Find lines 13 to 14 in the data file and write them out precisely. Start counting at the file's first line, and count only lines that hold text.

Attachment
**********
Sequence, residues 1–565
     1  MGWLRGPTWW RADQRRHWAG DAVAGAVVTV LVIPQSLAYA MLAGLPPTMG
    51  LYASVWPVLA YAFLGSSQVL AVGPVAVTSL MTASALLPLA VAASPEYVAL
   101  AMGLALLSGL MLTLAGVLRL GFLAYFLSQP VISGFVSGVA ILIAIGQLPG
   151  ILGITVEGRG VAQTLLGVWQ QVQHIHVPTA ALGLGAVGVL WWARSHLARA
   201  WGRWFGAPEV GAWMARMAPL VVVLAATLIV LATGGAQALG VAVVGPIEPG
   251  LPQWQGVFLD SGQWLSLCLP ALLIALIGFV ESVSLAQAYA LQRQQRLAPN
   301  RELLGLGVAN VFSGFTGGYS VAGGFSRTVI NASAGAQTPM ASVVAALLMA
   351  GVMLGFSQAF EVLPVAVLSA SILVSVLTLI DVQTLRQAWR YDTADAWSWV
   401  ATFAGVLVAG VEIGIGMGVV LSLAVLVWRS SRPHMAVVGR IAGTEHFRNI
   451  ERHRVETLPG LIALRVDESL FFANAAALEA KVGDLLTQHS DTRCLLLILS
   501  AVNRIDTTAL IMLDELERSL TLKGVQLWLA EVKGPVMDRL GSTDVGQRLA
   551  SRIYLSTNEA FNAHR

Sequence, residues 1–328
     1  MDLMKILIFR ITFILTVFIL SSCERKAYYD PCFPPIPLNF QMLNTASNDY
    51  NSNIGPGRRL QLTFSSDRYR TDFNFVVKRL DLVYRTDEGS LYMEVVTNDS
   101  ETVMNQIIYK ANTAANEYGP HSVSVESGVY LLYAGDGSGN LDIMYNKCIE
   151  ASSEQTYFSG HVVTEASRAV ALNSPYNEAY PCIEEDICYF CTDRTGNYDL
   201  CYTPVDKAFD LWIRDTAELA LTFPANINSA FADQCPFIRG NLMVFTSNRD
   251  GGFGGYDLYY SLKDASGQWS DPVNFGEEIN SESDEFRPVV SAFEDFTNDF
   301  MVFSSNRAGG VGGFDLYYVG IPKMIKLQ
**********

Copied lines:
   551  SRIYLSTNEA FNAHR

Sequence, residues 1–328